I start off this review with one disclaimer: I am primarily a reader that connects with characters. Not every reader is like me and I respect that.

However, it is because I connect with characters that made this book a difficult read for me. I struggled for a lot of the book, trying my hardest to find someone to connect to. There is a reason for this disconnect, though I won’t spoil it for you, and it does make sense within the world. The lack of relatable characters does not destroy the story.

World-building is heavily in use here and I really liked the mythology of the world. The Goblin Market and subsequent dance, in my opinion are the best scenes in this book, and entirely a creation of the mythology. Additionally, there is a spectacular conclusion to this book that left me running to the computer to ensure that there was a sequel planned.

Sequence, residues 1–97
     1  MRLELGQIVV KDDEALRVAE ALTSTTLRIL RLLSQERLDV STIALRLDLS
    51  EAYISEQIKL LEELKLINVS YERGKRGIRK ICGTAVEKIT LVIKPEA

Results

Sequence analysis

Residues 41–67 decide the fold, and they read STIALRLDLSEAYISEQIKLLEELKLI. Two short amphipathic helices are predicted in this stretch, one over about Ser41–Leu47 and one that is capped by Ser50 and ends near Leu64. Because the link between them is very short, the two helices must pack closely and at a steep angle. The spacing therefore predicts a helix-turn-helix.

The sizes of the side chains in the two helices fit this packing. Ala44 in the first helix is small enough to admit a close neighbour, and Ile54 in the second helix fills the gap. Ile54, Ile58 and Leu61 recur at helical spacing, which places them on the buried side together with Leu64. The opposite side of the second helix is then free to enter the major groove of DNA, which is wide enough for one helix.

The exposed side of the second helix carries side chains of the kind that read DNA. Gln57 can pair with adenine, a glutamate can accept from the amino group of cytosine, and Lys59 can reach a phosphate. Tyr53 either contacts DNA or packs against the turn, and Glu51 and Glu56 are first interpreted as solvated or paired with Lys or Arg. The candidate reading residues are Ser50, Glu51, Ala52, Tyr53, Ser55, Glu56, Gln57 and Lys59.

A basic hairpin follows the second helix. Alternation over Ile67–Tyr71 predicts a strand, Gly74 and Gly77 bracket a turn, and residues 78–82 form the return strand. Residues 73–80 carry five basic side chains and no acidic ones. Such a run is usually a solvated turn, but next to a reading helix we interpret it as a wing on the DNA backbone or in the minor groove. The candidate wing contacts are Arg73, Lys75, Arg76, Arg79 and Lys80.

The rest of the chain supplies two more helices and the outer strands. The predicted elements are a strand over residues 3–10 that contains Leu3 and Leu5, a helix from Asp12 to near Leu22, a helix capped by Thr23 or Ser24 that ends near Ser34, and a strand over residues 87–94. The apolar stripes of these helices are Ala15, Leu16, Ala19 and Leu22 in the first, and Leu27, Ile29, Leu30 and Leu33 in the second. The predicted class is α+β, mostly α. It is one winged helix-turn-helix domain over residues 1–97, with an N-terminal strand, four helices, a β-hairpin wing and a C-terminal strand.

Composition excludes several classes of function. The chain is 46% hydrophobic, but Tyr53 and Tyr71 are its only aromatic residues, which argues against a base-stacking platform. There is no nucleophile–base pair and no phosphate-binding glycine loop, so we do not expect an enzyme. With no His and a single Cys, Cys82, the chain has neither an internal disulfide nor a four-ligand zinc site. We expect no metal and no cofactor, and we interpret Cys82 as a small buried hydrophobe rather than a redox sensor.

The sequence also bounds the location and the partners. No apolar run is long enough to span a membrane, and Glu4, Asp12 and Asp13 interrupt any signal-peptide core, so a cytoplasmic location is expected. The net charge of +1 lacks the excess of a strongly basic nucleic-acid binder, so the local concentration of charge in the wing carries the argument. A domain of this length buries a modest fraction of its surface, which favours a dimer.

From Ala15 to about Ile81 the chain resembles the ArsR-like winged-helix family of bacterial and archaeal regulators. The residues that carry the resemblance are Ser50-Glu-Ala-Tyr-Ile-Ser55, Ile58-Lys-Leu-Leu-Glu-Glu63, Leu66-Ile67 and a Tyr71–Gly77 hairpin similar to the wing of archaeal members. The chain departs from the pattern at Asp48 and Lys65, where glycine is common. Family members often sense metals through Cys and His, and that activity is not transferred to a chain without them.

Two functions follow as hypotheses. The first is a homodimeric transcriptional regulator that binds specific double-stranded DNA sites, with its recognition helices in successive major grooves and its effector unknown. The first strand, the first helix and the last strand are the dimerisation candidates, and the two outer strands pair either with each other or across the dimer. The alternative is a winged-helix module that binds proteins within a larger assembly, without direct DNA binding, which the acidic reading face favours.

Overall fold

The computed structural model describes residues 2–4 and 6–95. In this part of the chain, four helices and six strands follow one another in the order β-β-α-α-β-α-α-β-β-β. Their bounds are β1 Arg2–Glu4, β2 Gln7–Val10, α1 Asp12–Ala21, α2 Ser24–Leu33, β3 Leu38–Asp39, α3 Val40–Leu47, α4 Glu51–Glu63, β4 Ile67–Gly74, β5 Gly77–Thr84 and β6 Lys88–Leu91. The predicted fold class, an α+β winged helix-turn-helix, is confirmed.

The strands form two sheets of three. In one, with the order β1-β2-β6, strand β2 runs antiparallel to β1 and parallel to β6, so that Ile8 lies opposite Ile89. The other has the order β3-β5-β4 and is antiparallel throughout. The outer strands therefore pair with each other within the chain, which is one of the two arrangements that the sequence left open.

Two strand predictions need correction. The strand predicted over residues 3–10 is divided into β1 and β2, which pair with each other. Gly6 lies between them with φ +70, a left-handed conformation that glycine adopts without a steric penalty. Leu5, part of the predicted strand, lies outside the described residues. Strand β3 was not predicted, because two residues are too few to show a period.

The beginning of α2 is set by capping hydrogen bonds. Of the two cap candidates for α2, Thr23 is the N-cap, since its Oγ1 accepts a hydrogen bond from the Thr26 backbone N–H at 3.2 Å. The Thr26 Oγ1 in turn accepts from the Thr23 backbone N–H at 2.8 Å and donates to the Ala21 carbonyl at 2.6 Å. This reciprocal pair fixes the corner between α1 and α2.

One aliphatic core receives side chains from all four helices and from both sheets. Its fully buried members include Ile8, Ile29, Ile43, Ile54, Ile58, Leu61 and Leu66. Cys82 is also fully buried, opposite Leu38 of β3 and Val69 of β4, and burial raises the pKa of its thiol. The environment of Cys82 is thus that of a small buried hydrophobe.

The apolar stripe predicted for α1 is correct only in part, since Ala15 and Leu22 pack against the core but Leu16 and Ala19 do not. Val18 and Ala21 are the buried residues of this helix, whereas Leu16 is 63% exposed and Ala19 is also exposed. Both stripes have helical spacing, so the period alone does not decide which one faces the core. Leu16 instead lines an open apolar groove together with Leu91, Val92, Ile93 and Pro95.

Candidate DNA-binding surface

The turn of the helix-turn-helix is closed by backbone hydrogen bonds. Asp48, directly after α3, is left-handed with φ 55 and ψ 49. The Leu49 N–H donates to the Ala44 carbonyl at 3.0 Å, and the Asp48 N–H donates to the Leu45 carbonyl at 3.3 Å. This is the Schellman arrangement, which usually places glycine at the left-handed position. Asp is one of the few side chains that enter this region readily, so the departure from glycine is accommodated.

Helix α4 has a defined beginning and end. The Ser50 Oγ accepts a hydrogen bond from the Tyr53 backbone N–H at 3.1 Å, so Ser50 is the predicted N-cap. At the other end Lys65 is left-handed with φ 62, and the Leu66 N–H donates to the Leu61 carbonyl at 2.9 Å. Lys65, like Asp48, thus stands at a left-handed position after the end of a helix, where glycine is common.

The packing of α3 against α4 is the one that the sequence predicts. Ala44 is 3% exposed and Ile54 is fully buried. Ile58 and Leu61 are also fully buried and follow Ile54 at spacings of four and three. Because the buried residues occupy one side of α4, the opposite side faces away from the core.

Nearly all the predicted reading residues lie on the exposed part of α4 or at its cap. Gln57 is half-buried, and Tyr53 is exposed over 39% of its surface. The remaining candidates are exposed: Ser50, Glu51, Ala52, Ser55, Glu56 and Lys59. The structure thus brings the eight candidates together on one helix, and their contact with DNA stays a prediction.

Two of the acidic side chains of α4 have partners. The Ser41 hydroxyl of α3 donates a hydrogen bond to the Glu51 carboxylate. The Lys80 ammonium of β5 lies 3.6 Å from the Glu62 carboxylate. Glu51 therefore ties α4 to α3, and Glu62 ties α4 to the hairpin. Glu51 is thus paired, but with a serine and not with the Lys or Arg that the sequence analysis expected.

A lot of people have compared this book to “Supernatural,” the television show. It is similar in that it’s a book about two brothers fighting supernatural creatures, but other than that it is a largely independent work. This is a grittier book, fantasy bordering on the edge of horror.

I suspect that the books will grow (this is a planned trilogy) and I do look forward to the sequels. But I’ll be waiting on the hold list at my library instead of running to the bookstore.

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Sarah Rees Brennan